Did Thomas Bjorn hit out at Brexit during Ryder Cup Opening Ceremony?

Thomas Bjorn

European captain Thomas Bjorn has vehemently denied that he was making any political points during his speech this afternoon’s Ryder Cup opening ceremony.

The Dane remarked at the official curtain-raiser at Le Golf National that Europe “can be a fragmented place”, adding: “This is one of the few weeks that, under this flag, Europe is united”. 

The remarks drew gasps from some members of the crowd and, when he met the media afterwards, it was put to Bjorn that it sounded as though he was "deliberately addressing the people of the UK". 

Absolutely and categorically not the case, he insisted.

• DETAILS - Opening morning Ryder Cup pairings announced

• "Balls of steel" - Craig Connelly recalls Martin Kaymer's Medinah heroics

"Not at all," he said. "Just remember one thing: I've lived 15 years of my life in England, and England is my home and I love the country. I love living there. I have an English girlfriend and it is my home, and it would probably be very difficult for me to see any time in the future coming out of that country.

• How to watch the 2018 Ryder Cup on TV

"So I love everything about that country. But I am a European, and I'm Danish by birth, and I believe in the things that I believe in, but that doesn't mean that I believe in the European Union or not. 

"I'm not addressing the people of the United Kingdom in any way, shape or form in this. I'm addressing what we are in the European team room."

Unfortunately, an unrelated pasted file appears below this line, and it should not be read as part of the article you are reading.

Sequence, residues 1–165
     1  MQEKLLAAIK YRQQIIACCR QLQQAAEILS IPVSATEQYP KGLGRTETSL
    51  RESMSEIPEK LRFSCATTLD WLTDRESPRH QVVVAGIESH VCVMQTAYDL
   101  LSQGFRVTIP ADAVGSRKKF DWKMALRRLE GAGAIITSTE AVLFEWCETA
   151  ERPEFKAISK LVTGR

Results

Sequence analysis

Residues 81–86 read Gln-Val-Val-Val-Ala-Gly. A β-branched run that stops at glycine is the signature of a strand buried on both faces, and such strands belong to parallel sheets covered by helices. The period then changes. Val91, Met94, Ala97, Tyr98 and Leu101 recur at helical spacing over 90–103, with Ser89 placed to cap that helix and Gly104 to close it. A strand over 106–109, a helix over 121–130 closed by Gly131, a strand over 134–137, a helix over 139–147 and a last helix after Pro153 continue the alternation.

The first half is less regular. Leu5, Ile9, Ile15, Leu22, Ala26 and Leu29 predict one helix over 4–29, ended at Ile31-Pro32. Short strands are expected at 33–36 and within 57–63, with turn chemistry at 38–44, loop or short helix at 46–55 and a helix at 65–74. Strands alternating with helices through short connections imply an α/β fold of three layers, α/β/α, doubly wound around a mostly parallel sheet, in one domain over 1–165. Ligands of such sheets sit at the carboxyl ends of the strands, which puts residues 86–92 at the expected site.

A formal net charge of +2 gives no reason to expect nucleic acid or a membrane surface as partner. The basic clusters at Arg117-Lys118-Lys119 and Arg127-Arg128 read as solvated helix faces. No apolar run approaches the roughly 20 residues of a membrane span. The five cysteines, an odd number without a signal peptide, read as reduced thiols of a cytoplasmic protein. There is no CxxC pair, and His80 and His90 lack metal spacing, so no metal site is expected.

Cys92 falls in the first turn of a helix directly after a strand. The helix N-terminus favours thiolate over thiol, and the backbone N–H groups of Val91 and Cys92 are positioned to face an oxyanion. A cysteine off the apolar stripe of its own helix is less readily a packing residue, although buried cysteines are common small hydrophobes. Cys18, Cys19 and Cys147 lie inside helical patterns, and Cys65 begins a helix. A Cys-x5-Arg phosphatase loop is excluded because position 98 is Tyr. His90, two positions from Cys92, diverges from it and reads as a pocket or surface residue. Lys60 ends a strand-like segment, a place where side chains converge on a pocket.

Ryder Cup Opening Ceremony

Pointing at a yellow and blue ribbon on his lapel, Bjorn added: "Trust me, if you look at all of the United Kingdom players that are in this team, they were that today because, this week, that's what they represent. 

"As I said in the speech, as well, that - for us - represents the boundaries of Europe this week. It doesn't represent the European Union."

• REMINDER: This is what time the Ryder Cup tees off!

• The most glam photos from the Ryder Cup Gala Dinner

Bjorn also pointed to his long-standing support of the European Tour as an example of his passion for the Continent. 

"I've been focussed solely on that tour and I'm very proud of that," he added. "I'm very proud of this part of the world as a Continent. I'm very proud of what we are. 

• How much a day at the 2018 Ryder Cup will cost you

"I always feel like when I get into a Ryder Cup team, it brings out the best in Europeans. That is what we are. We are cross nations. We have different cultural backgrounds. We believe in different thing but, when we get on that team, we are proud of being European. It's forgotten that we have so much in common.

"That's my opinion. Not everybody shares that opinion but that's my opinion. I felt like I wanted to portray what we are as a team to the people that were watching."

Golf News

Top pundit blasts governing bodies over slow play
Get set to see a lot more skin on the PGA Tour
New US Ryder Cup captain to be revealed this week
European Tour pros have putters stolen Down Under
J.B. Holmes fires back after slow play roasting

Other Top Stories

Tiger Woods puts new irons in the bag
New Fife golf course gets go ahead
Review: Adare Manor, Ireland's rejuvenated masterpiece
Win a spot in the ASI Scottish Open Pro-Am with Hilton
Padraig Harrington targets 2020 Ryder Cup captaincy

Quick tips with Denis Pugh and Peter Barber See all videos right arrow

play button
The correct way to grip a golf club
Watch
play button
Stand taller at address says Denis Pugh
Watch
play button
Make your swing arc wider
Watch
play button
Align your body at address
Watch
See all videos right arrow